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Notary Notes

Honoring Notaries on Notary Public Day

While we celebrate notaries every day at PAN, November 7 is specifically set aside as Notary Public Day in tribute to more than 4.4 million notaries in the United States. 

The first Notary Public Day was created by the American Society of Notaries and celebrated in 1975 to "recognize notaries for their public service and their contributions to national and international commerce." The date of November 7 was chosen to honor Thomas Fugill, the first notary public in America. He was appointed by the Colony of New Haven on October 25, 1639 (Julian calendar), November 7 on the Gregorian calendar now in use. 

Unfortunately for Fugill, he was excommunicated and forced to return to England in 1646 after it was learned that he falsified records. 

Notable Notaries Throughout History 

When Christopher Columbus sailed to the New World in 1492, notary Rodrigo de Escobedo was tasked with witnessing discoveries and recording all official transactions on behalf of Spain's King Ferdinand and Queen Isabella. He was one of the first Europeans to walk on the shores of the New World. 

Nathaniel Gorham, a Massachusetts notary and businessman, served as a delegate to the Constitutional Convention. His signature appears alongside John Hancock, Alexander Hamilton and Thomas McKean, among others on the Declaration of Independence. McKean, a delegate from Delaware, was also a notary and the last person to sign the Declaration. 

In Pennsylvania, Isaac Craig was the first notary appointed under the new independent state constitution in 1791. Craig came to western Pennsylvania and purchased the site of Fort Pitt and resided in the blockhouse with his family for several years. He is credited with filling "many offices of public trust," and "Played a vital role in documenting the formation of the country." 

In 1841, Charles Bellinger Tate Stewart became a notary and served in the Republic of Texas government when it declared independence from Mexico. He also designed the iconic Lone Star flag. 

Infamous Texas notary, Judge Roy Bean, founded the town of Langtry in 1882 and held court in a saloon he owned. He called himself the "Law West of the pecos" and offered notary services along with ice-cold beer.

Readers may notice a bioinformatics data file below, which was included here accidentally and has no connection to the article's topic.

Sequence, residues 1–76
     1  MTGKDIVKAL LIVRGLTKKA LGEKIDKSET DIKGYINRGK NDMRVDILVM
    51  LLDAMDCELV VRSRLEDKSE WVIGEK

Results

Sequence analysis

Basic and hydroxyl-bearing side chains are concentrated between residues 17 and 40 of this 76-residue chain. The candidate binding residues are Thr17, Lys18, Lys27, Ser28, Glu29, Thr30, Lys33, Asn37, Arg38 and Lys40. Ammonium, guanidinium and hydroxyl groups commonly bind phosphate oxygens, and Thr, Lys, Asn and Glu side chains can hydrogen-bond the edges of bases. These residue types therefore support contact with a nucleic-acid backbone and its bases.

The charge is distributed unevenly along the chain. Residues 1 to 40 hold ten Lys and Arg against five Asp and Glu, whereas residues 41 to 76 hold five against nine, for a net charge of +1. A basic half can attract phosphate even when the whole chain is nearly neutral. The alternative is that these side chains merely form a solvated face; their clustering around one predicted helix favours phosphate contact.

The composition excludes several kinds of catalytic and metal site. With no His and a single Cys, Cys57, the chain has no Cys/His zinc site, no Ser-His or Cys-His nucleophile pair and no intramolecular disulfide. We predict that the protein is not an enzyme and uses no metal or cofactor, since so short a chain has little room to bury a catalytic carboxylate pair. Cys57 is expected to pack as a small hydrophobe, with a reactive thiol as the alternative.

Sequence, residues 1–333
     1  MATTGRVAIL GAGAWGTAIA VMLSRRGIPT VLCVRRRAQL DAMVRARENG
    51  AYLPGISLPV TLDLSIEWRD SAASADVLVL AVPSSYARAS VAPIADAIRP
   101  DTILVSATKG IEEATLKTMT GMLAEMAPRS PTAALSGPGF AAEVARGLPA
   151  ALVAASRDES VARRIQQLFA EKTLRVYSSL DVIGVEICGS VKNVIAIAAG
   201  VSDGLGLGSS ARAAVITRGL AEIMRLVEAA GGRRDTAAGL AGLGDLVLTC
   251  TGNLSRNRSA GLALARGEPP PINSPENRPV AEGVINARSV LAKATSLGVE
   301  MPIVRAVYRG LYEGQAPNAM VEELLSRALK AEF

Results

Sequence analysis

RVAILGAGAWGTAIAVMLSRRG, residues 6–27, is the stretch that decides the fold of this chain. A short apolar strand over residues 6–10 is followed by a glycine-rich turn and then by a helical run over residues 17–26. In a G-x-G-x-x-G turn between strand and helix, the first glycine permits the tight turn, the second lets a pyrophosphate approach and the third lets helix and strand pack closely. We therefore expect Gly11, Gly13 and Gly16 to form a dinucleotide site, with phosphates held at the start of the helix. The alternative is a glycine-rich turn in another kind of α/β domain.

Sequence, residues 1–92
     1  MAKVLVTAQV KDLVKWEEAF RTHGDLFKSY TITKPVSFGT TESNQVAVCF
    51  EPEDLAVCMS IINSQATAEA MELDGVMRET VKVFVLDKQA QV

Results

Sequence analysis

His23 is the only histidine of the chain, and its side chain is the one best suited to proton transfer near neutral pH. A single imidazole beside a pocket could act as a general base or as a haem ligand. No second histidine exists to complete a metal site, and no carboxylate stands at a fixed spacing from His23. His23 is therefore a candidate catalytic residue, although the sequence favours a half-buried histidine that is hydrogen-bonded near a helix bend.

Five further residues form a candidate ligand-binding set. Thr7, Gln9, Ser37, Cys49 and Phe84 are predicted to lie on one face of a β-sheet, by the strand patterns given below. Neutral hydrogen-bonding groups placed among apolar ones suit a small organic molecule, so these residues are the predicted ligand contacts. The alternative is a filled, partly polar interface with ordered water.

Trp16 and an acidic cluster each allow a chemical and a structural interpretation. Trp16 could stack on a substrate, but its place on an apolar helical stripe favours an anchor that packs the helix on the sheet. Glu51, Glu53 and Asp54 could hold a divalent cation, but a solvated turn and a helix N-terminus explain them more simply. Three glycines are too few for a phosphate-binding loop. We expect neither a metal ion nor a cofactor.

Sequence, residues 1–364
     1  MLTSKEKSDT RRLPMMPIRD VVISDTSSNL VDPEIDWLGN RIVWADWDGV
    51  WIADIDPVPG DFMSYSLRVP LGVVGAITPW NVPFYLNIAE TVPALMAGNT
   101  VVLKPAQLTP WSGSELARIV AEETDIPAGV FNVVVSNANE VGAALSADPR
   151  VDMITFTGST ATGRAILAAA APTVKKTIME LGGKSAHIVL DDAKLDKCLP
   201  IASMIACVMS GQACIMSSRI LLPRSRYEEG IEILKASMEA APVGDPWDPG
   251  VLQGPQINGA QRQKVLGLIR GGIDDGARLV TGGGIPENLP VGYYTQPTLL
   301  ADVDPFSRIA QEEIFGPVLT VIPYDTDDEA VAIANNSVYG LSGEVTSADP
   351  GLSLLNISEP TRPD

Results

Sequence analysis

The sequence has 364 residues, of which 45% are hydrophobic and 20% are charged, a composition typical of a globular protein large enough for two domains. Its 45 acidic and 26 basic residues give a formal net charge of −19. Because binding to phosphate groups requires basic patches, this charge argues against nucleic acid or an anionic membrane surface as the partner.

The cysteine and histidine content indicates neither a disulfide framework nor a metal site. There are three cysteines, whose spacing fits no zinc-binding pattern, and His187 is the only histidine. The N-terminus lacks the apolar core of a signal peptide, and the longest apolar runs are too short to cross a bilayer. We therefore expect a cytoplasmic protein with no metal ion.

Samuel Clemens, aka Mark Twain, was appointed as a notary in 1864 in Virginia City, Nevada by his brother, acting Nevada Governor Orion Clemens. Clemens resigned his notary commission several months later and moved to California. He claimed he left town to avoid legal trouble after challenging a local man to a duel after an argument over one of Clemens' newspaper articles. 

Emily Calkins Stebbens was one of the first, if not the first, female notary commissioned by Iowa governor william M. Stone in 1866. Clara Foltz and marilla Ricker, known for their work during the women's rights movement, served as the first female notaries in California and the District of Columbia, respectively. It wasn't until the rise of urbanization in the late 1800s that demand for notaries prompted women to take on the role. 

In the November 1, 1890 issue of The Cleveland Gazette, Robert Day was noted as the "first colored man in the state of Pennsylvania to be appointed a notary public ..." the publisher of the Gazette complimented Day stating that "he is so well known in Ohio and in his own state as to need no further comment." The publisher encouraged his readers to "use every effort to build [Day] up in the business he has entered." Thirty years later, the Gazette published a small article on Mary S. McMahon, an attorney who received the first notarial commission issued to a woman in Ohio. 

When President Warren Harding died in 1923, Vice President Calvin Coolidge took the oath of office from his father, John Coolidge, a Vermont notary. 

Modern-day celebrities who at one time were notaries, include humor writer Dave Barry, who became a florida notary in 1994 to officiate a friend's wedding; actor Stanley Tucci, singer-actress Jennifer Lopez, and actress Mindy Cohn (The Facts of Life, an NBC sitcom). 

PAN salutes all notaries and commends their service, skill and attention to detail in preventing fraud. 
 
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